Report: Federal government used All Writs Act in three Arizona technology cases
PHOENIX — The federal government has used a broad statute that allows courts to pressure technology companies to aid in uncovering data on locked smartphones in several cases in Arizona, a recent study found.
According to the American Civil Liberties Union, Apple has employed the 1789 All Writs Act to access information on locked smartphones in at least three cases in Arizona.
The act gives federal courts the authority to “issue all writs necessary or appropriate in aid of their respective jurisdictions and agreeable to the usages and principles of law.”
More simply, it allows a judge to file any type of order even when there is no clear Congressional mandate to do so.
The federal government has also used the act to force Google to assist in cases in which it needs to uncover information on a locked device.
Unlocking technology has been a major headline in the news recently, after Apple and the Federal Bureau of Investigation have gone head-to-head in court over uncovering information on the locked iPhone of one of the San Bernardino mass shooters.
The federal government ordered Apple to create a new software that would override an “auto-wipe” feature which is designed to kick in after anyone makes 10 wrong attempts at guessing the iPhone’s passcode.
Once that feature is activated, it renders all the data on the phone permanently unreadable.
Apple fired back, saying it could create the software the government wanted but it argued vehemently that doing so would be a bad idea. The company also said it had never been order to do this before.
Judge Sheri Pym, who issued the order, cited the All Writs Act as part of her decision.
Federal authorities insisted they were only asking for Apple’s help in a single case, although prosecutors nationwide have said they wanted similar assistance in other cases where iPhones have been seized.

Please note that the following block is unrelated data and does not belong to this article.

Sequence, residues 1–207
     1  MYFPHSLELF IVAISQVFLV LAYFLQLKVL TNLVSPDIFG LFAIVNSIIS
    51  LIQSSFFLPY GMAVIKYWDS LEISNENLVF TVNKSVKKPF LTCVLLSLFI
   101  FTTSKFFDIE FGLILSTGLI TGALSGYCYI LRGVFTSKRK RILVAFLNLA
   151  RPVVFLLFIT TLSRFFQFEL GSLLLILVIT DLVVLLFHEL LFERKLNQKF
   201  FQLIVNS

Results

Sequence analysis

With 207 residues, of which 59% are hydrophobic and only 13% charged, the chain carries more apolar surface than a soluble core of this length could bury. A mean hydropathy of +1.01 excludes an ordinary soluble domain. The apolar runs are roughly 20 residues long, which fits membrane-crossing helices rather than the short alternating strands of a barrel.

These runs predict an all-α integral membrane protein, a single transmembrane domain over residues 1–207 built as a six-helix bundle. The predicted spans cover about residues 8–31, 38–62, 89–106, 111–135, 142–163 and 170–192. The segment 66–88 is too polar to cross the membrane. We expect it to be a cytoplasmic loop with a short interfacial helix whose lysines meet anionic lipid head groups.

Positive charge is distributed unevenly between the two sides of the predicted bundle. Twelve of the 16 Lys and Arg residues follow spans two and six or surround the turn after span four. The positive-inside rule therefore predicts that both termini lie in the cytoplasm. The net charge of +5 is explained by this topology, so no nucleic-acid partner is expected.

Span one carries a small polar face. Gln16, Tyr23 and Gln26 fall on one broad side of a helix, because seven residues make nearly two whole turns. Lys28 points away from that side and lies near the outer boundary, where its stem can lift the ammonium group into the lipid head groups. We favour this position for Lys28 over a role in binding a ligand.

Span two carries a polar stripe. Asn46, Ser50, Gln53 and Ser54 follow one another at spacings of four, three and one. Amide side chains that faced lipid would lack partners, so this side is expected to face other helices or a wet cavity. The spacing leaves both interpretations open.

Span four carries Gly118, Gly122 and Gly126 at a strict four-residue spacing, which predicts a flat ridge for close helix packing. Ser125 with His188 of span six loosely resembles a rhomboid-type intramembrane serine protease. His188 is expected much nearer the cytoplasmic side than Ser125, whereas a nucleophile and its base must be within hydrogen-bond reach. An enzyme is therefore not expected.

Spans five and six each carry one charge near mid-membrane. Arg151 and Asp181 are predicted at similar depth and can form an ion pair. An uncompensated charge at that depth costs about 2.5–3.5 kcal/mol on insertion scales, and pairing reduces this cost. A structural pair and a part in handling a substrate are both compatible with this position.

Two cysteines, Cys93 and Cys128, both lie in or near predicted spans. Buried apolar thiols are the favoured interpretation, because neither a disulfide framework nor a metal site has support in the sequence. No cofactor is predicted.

The government dropped the case Monday, after announcing it had broken into the phone without Apple’s help.
Maricopa County Attorney Bill Montgomery announced the department sided with the federal government in the battle, saying he sympathizes with citizens who believe their personal privacy trumps what the FBI is trying to do, but believes information on locked phones could be a matter of public safety.
“I’m not ignorant of the privacy issue, but I also don’t believe that we can use that to justify creating an environment in which criminals and criminal organizations act with impunity, and without the ability to hold them accountable,” he said in an interview with KTAR News 92.3 FM’s Bruce St. James and Pamela Hughes.
In protest, Montgomery said his office will no longer provide iPhones to new employees and will not offer replacements or upgrades for existing employees.
The ACLU found at least 63 cases in which the government has used the All Writs Act in order to access information on a locked technological device. The majority of the cases involved drug crimes, according to USA Today.
The Associated Press contributed to the report.